b. about 1901, Antananarive, Madagascar; d. 1937, Madagascar
writer, poet, playwright
Marginalized from even before his birth, the great Madagascan Jean-Joseph Rabearivelo was born out of wedlock to an impoverished young woman belonging to a noble family of the Hova people in Antananarive in either 1901, 1903 or 1904-he himself variously used the different dates. He was baptized Joseph-Casimir but later changed his name to Jean-Joseph so that he had the same initials as the "great French writer" (Jean-Jacques Rousseau). Rabearivelo was taken in by a maternal uncle; his formal schooling was cut short when he was expelled from school. From 1915 to 1919 he worked as secretary and interpreter for a Madagascan nobleman before being employed in 1923 as a proof-reader for the Imprimerie de l'Imerina (Imerina Press), a position that he held until his death by suicide in 1937. In 1926 he married Mary Razafitrima, with whom he had five children, one of whom, his beloved daughter Voahangy, died in 1933, aged only 2. Rabearivelo never recovered from her death and when another daughter was born shortly after, he named her Velomboahangy, Voahangy reincarnated.
Throughout his life, Rabearivelo had to contend with material difficulties, frequent illnesses, and a morbid personality. He sought escape from these conditions through the use of alcohol, opium, gambling, and promiscuity. These abuses were the result of his personal, interior exile which stemmed from his desire to be, at the same time, both Madagascan and French. Colonial society barred him from administrative posts for which he applied but did admit him as an associate member of the Académie Malgache (Madagascan Academy) in 1931. However, they refused to include him in the delegation which they sent to the prestigious Paris Exhibition of 1937 (judging basket weavers to be more representative of Madagascar) despite the fact that a local newspaper had already proclaimed the fact that his play Imaitsoanala, fille d'oiseau (Imaitsoanala, the Bird's Daughter) would be performed.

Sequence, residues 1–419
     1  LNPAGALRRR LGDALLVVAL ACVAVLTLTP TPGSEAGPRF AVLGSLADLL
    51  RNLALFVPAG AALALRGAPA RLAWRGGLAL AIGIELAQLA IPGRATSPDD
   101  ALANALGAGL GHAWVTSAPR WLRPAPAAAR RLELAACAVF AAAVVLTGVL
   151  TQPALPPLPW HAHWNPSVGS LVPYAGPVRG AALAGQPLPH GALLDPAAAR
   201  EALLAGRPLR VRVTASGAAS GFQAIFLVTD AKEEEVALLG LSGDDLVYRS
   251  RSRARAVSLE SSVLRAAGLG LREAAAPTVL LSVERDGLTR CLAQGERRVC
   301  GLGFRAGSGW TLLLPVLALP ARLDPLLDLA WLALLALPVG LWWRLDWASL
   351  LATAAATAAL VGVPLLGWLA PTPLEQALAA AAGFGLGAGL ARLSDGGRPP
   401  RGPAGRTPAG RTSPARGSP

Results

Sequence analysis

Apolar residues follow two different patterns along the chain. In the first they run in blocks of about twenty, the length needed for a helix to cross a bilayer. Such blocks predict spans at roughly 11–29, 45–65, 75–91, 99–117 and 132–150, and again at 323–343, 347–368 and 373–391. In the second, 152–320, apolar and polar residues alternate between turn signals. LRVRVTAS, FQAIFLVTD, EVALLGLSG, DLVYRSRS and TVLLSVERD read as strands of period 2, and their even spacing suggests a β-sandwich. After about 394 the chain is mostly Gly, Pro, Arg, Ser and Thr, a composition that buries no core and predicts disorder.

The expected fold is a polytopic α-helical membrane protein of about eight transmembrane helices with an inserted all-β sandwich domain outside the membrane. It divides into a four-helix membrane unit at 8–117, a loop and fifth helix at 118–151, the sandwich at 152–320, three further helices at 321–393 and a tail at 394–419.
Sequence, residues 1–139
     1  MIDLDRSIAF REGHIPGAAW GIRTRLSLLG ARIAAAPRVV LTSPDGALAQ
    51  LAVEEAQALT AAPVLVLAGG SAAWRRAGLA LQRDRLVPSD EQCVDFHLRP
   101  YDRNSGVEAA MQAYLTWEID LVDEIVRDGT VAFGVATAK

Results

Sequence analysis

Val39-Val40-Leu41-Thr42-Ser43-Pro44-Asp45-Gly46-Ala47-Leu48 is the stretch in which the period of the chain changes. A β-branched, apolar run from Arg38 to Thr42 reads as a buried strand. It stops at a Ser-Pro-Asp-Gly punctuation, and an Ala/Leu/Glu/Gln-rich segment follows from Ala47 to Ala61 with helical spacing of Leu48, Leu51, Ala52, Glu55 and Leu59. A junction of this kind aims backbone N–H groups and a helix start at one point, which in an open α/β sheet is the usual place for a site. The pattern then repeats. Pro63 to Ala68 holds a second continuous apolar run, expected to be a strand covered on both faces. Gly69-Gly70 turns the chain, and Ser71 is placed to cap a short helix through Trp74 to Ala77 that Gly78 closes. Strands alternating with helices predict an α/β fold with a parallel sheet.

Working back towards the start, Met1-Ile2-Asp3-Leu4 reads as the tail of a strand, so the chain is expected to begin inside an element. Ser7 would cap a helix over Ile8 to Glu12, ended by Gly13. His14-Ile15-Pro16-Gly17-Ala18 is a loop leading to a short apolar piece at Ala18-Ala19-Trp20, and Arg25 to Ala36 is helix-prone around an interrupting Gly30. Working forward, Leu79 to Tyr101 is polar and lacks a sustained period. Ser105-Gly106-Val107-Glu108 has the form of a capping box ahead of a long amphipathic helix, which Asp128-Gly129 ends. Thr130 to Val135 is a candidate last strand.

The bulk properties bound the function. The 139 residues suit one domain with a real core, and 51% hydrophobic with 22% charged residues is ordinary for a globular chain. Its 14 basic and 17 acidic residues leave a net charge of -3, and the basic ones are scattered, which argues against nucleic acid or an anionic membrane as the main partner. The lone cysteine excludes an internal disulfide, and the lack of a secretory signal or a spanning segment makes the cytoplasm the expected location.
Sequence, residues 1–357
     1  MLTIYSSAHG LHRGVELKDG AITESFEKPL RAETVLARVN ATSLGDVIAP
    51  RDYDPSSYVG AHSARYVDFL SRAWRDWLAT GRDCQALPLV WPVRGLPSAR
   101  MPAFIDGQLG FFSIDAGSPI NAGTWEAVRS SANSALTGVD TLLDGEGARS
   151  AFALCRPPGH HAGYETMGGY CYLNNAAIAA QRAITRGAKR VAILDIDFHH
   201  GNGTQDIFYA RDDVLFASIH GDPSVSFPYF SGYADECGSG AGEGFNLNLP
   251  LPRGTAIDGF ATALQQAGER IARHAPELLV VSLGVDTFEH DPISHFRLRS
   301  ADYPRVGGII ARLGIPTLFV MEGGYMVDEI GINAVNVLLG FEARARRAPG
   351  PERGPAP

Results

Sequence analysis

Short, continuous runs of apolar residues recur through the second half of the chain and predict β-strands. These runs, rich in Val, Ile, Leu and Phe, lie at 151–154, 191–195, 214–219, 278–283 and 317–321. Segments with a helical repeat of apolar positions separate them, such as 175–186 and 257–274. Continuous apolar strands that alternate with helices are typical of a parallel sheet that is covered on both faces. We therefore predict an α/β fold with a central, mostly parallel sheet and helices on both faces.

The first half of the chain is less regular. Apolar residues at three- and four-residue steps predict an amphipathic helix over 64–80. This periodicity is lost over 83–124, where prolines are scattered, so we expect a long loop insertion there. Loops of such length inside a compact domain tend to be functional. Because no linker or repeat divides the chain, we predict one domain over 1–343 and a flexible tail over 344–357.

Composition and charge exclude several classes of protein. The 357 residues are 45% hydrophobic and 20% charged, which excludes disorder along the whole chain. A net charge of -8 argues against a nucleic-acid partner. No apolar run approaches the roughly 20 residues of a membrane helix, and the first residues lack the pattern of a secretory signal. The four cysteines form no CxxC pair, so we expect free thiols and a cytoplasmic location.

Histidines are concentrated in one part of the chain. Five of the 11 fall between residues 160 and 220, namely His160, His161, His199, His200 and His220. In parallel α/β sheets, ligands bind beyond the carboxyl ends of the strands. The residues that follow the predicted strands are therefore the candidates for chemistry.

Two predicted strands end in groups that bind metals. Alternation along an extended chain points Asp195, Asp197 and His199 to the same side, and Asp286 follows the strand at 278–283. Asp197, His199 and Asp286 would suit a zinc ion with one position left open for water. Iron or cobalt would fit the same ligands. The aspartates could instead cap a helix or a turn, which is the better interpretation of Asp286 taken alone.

From early on, Rabearivelo was involved in literature, collaborating in and contributing to two literary journals, 18° latitude sud (18° Latitude South) (1923-7) and Capricorne (Capricorn) (1930-1). He is the first major Madagascan poet to write in French. Through his art, he aimed at creating a literature in French that would somehow escape being classified as French literature. His work, when not written directly in French, is translated into the language of the colonizer in an attempt to appease his dual affiliation and to reconcile the racial, ethnic, and cultural differences which exist between his Madagascan and French selves. He wrote specifically so that he would be acknowledged as a writer, and his deep-rooted existential dichotomy is illustrated in his reason for writing "dans cette langue que j'ai choisie/pour préserver mon nom de l'oubli (the language I have chosen/to keep my name from oblivion)" ("Lamba" in Presque-songes, 1990: Paris).
Unlike many black writers of the early 1920s, such as Aimé Césaire and Léopold Senghor